http://www.newsrx.com/articles/382994.html

Weinberger Quoted On Cystic Fibrosis Work (Pittsburgh Tribune Review, Nov. 8)
Researchers at Children's Hospital of Pittsburgh have found a specific target for new therapies to fight lung infections that shorten the lives of people with cystic fibrosis, the hospital announced Monday. A protein called interleukin-23, or IL-23, was pinpointed as the cause of inflammation in chronic lung infections. By developing drugs to fight this protein, researchers should be able to reduce lung damage from inflammation and prolong the lives of cystic fibrosis patients, which now average 36 1/2 years. It probably will take several years before the research done by Children's is translated into drugs to treat patients, said Dr. MILES WEINBERGER, director of the pediatric allergy and pulmonary division in Children's Hospital of Iowa at University of Iowa Hospitals and Clinics. He did not participate in the research.
http://www.pittsburghlive.com/x/pittsburghtrib/news/cityregion/s_478519.html

Jones Cited In Electronic Voting Column (Times of London, Nov. 8)
A columnist writing in favor of electronic voting says it will ensure a more open electoral process. He writes, as DOUGLAS W. JONES, professor of computer science at the University of Iowa and a leading proponent of e-voting, recently said, the difficulty in implementing electronic voting stations is convincing people it is a necessity to go against the status quo. "Much of the difficulty stems from the fundamental requirement that the election system be transparent," he said. Whether it's in Congo or in the United States, as Jones says, the trick is to design a system capable of convincing the losers that they've lost. That's easier said than done. It may take us a few more days before we can begin to identify the losers of the Senate race.
http://technology.timesonline.co.uk/article/0,,19509-2443862,00.html

UI Vote Rally Noted (KFOX Radio, Nov. 8)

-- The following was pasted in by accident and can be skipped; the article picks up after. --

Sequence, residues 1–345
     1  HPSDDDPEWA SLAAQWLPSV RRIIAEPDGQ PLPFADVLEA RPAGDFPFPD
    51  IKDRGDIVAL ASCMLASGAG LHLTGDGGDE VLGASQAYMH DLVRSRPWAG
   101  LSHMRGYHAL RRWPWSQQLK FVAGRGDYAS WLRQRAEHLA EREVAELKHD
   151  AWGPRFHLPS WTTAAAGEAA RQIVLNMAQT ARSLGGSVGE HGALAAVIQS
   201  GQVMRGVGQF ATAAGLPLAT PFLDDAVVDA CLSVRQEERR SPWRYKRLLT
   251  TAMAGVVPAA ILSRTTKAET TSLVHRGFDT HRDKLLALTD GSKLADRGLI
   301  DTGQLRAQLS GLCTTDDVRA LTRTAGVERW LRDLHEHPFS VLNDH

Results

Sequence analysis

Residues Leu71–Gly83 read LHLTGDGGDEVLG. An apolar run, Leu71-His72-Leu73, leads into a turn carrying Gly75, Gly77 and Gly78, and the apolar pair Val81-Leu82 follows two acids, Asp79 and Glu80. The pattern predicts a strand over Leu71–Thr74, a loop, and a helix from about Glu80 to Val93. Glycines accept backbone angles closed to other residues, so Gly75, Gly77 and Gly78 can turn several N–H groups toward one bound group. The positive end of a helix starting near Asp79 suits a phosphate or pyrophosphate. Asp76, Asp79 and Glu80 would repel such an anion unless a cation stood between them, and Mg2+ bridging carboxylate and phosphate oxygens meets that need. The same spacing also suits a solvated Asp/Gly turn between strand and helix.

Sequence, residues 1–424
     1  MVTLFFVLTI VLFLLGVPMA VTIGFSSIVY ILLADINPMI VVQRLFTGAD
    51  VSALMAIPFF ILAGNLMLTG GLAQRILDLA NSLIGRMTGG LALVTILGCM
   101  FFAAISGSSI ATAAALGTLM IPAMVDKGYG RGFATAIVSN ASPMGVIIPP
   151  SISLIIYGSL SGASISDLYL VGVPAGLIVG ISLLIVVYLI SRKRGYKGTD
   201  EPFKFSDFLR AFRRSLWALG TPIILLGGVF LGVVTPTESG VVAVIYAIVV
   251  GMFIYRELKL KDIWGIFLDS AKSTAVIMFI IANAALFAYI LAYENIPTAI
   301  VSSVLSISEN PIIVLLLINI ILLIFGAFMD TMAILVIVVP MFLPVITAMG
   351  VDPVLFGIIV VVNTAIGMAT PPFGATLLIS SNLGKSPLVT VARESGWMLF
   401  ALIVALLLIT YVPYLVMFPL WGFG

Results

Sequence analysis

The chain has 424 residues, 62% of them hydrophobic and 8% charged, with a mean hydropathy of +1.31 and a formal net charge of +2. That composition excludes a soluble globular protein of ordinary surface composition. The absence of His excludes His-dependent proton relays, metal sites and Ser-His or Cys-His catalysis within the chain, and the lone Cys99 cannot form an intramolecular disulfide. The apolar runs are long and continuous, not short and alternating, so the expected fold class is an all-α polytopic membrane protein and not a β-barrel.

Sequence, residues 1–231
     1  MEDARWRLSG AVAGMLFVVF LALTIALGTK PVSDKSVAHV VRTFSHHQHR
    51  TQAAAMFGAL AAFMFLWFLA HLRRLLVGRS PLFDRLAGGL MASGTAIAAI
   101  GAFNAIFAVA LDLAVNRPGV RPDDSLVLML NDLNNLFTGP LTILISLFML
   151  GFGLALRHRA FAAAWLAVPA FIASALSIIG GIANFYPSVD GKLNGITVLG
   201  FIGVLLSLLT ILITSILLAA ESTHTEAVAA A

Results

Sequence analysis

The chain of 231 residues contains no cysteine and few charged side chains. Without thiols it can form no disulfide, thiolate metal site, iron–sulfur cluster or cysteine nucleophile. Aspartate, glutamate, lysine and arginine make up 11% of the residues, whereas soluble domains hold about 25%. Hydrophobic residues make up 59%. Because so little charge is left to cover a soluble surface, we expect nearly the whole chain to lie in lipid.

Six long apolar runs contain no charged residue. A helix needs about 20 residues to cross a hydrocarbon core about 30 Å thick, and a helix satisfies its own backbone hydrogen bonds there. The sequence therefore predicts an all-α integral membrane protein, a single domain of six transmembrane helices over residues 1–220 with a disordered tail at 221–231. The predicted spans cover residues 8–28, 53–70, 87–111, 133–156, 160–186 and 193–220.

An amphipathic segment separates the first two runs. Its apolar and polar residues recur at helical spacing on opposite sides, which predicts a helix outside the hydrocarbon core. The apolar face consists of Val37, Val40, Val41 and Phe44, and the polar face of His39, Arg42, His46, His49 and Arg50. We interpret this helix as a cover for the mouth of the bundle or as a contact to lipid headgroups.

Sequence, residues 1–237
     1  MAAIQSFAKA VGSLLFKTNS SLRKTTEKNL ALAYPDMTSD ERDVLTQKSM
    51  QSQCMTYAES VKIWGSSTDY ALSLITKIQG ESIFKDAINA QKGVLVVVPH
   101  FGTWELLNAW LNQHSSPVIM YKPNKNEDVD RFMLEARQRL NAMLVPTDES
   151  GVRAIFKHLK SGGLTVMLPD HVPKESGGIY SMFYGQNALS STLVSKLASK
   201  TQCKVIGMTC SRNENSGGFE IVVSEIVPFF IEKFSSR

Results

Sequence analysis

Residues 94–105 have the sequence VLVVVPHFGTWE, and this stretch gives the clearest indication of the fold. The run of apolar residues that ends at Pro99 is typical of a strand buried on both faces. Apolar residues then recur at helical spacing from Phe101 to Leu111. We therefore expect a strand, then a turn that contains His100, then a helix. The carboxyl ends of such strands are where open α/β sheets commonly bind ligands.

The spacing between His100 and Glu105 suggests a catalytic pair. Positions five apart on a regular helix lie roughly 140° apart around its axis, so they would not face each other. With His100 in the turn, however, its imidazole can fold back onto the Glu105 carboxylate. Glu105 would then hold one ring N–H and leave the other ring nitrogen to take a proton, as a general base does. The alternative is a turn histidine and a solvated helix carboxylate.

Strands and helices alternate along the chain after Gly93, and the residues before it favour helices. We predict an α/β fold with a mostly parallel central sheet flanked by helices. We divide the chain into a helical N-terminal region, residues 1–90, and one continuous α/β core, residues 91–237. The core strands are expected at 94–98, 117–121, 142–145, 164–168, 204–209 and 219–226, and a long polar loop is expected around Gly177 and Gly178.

Young Americans voted in the largest numbers in at least 20 years in congressional elections, energized by the Iraq war and giving a boost to Democrats, pollsters said on Wednesday. About 24 percent of Americans under the age of 30, or at least 10 million young voters, cast ballots in Tuesday's elections that saw Democrats make big gains in Congress. That was up 4 percentage points from the last mid-term elections in 2002. both parties sought to rally young voters who turned out in record numbers in the 2004 presidential election. At the UNIVERSITY OF IOWA, some students doubled as "Human Vote Billboards" with messages exhorting students to vote in the battleground state where Democrats won several races. "It went well," said Brant Miller, 24, at the University of Iowa. "We got a bunch of students to get out there and vote." KFOX is based in Texas. The same story appeared on the Web site of the TIMES OF INDIA, STUFF.NZ, MALAYSIA STAR and REUTERS INDIA.
http://www.kfox95.com/cc-common/news/sections/newsarticle.html?feed=104668&article=1512876

UI Presidential Search Heads To Chicago (WQAD-TV, Nov. 8)
The search for the next president at the University of Iowa is heading to Chicago. According to records, the university's search committee will interview about a dozen candidates in private on Saturday at an unnamed location.
http://www.wqad.com/Global/story.asp?S=5650776&nav=1sW7

IEM Trading Analyzed (Wall Street Journal, Nov. 7)
For some time, pundits have been predicting the House majority will go to he Democrats and the Senate will remain in Republican hands after Election Day votes are cast. Prices on political markets run by the Iowa Electronic Markets -- a UNIVERSITY OF IOWA marketplace where people bet on election winners -- seemed to be pointing in this split direction. Until this past Friday, traders didn't believe it with great certainty. The exchange gave heavy odds to bets on a Democratic House. It also gave heavy odds on a Republican Senate. But it showed that the odds of both a Democratic House and a Republican Senate were a little less than 50%. In other words, traders were betting some sort of surprise would prevent the exact split the pundits expected. Over the weekend, however, some of the uncertainty about the election appears to have been cleared up. With the latest round of polls confirming the prospects of a divided Congress, the odds of the Democrats and Republicans splitting the House and Senate rose to about 60% on the Iowa market. As the picture about the final outcome has become clearer, investors have become happier.